Acceptable Use Policies (AUPs) are documents stating the limitations users must agree to when first accessing information and communications technologies (ICTs) in organisations, such as employers, educational institutions and public libraries. AUPs lay out the parameters of acceptable use expected of someone accessing the ICT services provided, and should state in clear and understandable terms what behaviours will attract sanctions, both legal and in terms of restricting future access. Utilising a range of standard readability tests used to measure how understandable documents are, the paper investigates how readable the AUPs presented to public library patrons in the UK are in practice. Of the 206 AUPs in use across the local government departments who manage public library services 200 were obtained and subjected to a range of readability testing procedures. Four readability tests were used for analysis: the Flesch Reading Ease, the Coleman-Liau Index, the Gunning Fog Index and the SMOG Grade. Results for all four readability tests administered on all AUPs raise significant questions. For the Flesch Reading Ease score only 5.5% of AUPs scored at the standard readability level or higher (60+), and 8% scored at a very high level of difficulty akin to a piece of scientific writing. Similarly, for SMOG, only 7.5% of the 200 AUPs scored at the recommended level of 10. Likewise, very few AUPs scored at levels recommended for a general audience with either the Gunning Fog Index (11.5%) or the Coleman-Liau Index (2%). With such variability in readability, the fitness for purpose of the average AUP as a contract patrons must agree to can be called into question. This paper presents the first ever analysis of the readability of library AUPs in the literature. Recommendations are made as to how public library services may improve this aspect of practice.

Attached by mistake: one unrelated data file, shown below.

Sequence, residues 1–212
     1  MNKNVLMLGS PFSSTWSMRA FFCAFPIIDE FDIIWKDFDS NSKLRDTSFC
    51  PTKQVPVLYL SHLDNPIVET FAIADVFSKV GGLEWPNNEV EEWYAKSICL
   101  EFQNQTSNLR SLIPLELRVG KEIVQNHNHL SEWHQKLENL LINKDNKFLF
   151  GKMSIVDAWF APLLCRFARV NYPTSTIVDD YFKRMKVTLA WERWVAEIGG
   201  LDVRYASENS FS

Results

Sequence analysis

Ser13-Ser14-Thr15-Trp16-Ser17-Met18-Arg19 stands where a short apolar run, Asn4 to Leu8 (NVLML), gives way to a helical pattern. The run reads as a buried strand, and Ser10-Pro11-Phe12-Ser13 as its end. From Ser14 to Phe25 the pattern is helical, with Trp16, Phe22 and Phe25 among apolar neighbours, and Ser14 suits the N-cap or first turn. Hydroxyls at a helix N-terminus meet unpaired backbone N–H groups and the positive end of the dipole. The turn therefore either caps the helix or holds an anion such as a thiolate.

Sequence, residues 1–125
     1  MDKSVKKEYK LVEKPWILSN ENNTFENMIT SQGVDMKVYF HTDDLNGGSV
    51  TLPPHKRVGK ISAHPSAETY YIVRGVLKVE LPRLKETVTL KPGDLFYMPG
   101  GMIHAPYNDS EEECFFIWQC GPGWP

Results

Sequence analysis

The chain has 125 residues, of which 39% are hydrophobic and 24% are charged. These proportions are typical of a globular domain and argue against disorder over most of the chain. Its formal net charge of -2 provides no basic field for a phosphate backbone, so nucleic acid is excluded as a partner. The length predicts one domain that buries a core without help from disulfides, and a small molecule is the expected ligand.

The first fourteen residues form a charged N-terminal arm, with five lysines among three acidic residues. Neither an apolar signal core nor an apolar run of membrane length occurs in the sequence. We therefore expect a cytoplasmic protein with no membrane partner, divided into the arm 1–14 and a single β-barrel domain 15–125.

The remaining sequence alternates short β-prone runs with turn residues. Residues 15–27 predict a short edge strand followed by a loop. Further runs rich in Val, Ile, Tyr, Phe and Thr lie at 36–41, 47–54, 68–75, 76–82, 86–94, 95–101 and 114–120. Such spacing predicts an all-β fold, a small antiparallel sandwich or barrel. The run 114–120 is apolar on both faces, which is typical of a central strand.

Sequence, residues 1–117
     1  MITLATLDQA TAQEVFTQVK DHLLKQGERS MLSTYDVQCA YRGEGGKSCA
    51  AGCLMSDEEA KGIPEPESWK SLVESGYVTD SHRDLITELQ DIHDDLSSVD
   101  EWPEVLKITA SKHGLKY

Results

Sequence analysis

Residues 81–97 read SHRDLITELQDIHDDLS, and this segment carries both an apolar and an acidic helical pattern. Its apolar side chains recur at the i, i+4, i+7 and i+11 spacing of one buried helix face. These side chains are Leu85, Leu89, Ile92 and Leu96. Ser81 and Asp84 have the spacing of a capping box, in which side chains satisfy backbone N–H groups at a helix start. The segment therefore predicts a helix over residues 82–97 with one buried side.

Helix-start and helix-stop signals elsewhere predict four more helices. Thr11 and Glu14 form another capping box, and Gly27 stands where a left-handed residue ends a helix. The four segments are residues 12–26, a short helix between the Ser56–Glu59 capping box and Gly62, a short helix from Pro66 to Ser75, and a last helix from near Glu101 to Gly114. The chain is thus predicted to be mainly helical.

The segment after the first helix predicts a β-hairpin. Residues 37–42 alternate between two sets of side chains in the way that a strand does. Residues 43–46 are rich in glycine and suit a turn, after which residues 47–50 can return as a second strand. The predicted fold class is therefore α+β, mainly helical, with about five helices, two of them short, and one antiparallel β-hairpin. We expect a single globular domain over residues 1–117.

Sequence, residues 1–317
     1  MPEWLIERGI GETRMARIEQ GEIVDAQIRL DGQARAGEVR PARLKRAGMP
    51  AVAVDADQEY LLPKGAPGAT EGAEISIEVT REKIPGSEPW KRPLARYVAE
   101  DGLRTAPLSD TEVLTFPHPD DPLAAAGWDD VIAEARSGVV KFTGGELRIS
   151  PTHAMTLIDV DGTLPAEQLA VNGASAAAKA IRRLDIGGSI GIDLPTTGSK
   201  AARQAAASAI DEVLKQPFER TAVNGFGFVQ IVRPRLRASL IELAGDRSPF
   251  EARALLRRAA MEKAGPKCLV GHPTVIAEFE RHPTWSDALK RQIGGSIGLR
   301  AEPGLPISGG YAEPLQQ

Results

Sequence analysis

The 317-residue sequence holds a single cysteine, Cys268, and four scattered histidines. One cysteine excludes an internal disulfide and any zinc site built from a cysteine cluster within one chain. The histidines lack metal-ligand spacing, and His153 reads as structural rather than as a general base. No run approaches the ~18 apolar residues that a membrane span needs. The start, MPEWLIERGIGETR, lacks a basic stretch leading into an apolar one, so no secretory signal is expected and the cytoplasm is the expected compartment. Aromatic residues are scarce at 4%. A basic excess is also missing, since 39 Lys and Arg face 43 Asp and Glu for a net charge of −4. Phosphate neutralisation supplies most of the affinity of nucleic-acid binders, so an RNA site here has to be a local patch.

Citation: Journal of Librarianship and Information Science
      PubDate: 2019-08-29T03:51:46Z
      DOI: 10.1177/0961000619871598
       
  • Library services to an aging population: A nation-wide study in the United
           States
    • Authors: Noah Lenstra, Fatih Oguz, Courtnay S. Duvall
      Abstract: Journal of Librarianship and Information Science, Ahead of Print.